One of the biggest early storylines of the 2014 NCAA tournament surrounds star Kansas center Joel Embiid and his balky back. Embiid has been out since the team's March 1 loss to Oklahoma State, a game in which he aggravated a pre-existing back injury.
Before the Big 12 tournament, USA Today's Daniel Uthman reported that Embiid was unlikely to participate in the first weekend of the NCAA tournament. Late Wednesday night, Kansas coach Bill Self confirmed those suspicions:
Coach Self confirmed that Joel Embiid will not be playing for kansas this weekend.— Steve Goldberg (@SG_Mizzou15) March 20, 2014
If Kansas is to advance to the Sweet 16, Self noted that he would be significantly more optimistic about his freshman center's availability:
Bill Self on Joel Embiid on CBS: “As of now, he’s not expected to play this week. But we are very confident he can return next week.”— Brian Hamilton (@BrianHamiltonSI) March 16, 2014
To date, there has been no definitive timetable regarding Embiid's return. Robert Senior of Philly.com quoted Alex Vaccaro, M.D., Ph.D as saying Embiid was facing "a minimum of 5-6 weeks recovery." A return next week would place him at slightly less than four weeks, and other medical personnel are cautioning against expectations:
NCAA brackets are out. Take #Kansas at your own risk. Assume Joel Embiid will be out all tourney. Back stress fracture is a long time table.— David J. Chao, MD (@ProFootballDoc) March 17, 2014
Embiid himself has not been quoted about a possible return date, so apart from Self's comments, there is little concrete information on the likelihood of the center playing again this season.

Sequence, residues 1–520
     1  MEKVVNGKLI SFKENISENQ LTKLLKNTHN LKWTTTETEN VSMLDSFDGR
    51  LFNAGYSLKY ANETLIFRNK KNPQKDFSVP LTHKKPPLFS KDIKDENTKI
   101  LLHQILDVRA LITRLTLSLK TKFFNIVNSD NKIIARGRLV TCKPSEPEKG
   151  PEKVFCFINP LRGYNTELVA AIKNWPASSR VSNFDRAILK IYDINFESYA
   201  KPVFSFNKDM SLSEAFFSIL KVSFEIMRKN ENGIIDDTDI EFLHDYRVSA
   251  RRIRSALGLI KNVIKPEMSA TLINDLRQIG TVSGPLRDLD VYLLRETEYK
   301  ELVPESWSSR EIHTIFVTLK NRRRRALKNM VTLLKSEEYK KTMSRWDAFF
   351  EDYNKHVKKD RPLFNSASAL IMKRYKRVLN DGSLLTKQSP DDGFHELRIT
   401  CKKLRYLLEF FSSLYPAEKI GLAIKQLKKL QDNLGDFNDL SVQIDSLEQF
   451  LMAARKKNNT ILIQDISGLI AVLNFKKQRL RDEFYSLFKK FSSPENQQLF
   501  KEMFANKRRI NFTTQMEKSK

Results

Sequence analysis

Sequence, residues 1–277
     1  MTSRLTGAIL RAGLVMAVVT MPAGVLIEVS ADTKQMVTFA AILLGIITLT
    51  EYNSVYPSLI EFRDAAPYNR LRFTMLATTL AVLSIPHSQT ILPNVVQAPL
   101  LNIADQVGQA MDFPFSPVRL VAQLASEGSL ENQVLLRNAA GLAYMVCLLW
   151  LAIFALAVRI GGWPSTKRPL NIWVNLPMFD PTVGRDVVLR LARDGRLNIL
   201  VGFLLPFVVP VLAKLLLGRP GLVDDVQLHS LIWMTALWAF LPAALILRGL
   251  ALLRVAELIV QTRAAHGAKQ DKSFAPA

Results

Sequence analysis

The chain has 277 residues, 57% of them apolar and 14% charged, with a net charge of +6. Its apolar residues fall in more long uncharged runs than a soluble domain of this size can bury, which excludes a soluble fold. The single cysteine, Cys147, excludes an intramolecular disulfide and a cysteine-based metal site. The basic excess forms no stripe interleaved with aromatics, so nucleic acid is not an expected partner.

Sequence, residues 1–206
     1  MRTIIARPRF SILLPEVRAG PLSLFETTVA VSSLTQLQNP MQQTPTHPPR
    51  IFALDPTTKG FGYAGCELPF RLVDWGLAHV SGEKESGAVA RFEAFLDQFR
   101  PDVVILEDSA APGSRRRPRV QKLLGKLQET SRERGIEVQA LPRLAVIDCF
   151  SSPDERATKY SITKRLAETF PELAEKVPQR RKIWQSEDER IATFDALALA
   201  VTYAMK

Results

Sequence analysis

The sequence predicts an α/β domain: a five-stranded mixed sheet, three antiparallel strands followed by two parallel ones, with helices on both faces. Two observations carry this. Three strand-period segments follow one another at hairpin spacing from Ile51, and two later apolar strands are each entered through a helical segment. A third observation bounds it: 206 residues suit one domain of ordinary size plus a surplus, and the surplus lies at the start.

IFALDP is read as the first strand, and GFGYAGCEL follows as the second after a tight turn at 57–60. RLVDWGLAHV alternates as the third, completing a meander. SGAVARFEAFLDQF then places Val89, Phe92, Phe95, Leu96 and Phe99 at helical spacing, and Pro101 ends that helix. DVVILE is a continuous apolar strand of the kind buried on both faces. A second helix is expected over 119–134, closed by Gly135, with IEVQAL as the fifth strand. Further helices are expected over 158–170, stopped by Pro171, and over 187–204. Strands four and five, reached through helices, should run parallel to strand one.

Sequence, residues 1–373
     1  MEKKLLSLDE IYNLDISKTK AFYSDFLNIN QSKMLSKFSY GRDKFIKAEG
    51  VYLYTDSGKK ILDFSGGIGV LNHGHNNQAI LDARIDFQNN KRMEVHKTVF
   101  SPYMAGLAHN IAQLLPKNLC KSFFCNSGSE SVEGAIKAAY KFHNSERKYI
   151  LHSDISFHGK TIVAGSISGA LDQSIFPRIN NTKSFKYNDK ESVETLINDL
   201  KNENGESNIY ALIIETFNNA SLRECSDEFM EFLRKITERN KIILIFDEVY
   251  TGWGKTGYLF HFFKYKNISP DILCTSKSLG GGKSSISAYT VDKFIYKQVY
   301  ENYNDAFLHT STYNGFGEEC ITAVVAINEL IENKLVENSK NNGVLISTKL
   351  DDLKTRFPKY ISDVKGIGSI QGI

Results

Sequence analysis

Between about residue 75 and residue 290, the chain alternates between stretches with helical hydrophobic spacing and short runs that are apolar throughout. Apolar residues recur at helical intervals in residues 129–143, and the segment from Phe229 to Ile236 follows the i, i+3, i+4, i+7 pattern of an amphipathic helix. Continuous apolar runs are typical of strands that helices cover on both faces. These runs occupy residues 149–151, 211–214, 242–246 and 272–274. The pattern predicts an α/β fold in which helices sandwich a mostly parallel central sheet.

Embiid has averaged 11.2 points, 8.1 rebounds and 2.6 blocks per game in a freshman campaign that has exceeded expectations. Most saw the 7-footer from Cameroon as a raw product, but his surprising offensive refinement and defensive prowess has made him a consensus top-three prospect in the NBA Draft, along with teammate Andrew Wiggins and Duke's Jabari Parker.
Without Embiid, Kansas loses its most significant rim protector. As Rustin Dodd of The Kansas City Star notes, the Jayhawks' emphasis on compensating for Embiid's absence near the rim may have hampered their perimeter defense during their Big 12 tournament loss to Iowa State:
Self brought up Kansas’ 94-83 loss to Iowa State in the Big 12 semifinals. After Iowa State hit eight of 12 from three-point range in the first half, Self says his team was too worried about the three-pointers in the second half.
“It's my mistake…” Self said. “We may have been better off to give them some ‘dare’ shots and hope the law of averages prevailed because they got inside of us, and that's where they really hurt us in the second half.”
Kansas should be fine without Embiid against 15th-seeded Eastern Kentucky, but some believe a potential round of 32 matchup with New Mexico could present problems:
New Mexico is my bracket buster. Caught a break getting KU without Embiid. Strength is 2 bigs who are highly skilled. Bairstow is a problem.— Seth Davis (@SethDavisHoops) March 18, 2014
With an old-school post-oriented power forward in Cameron Bairstow, the Lobos have a player capable of exploiting the hole in Kansas' defense. Bairstow led New Mexico with 20.4 points per game, and paired with center Alex Kirk, the Lobos' front-line would present a daunting challenge to the Jayhawks.
Will Joel Embiid be a major factor this tournament?
If Kansas were to survive the first weekend, potential second week opponents include Syracuse or Ohio State in the Sweet 16, and likely Florida in the Elite Eight. None of those teams have a particularly strong interior presence, and in Syracuse's case, the Orange's 2-3 zone might actually play to Kansas' strength as a shooting team.
Regardless, a compromised Embiid would put tremendous pressure on Wiggins to shine. With Kansas just 2-2 in Embiid's absence, the Jayhawks could at least use Embiid's presence to facilitate an expected run deep into the tournament.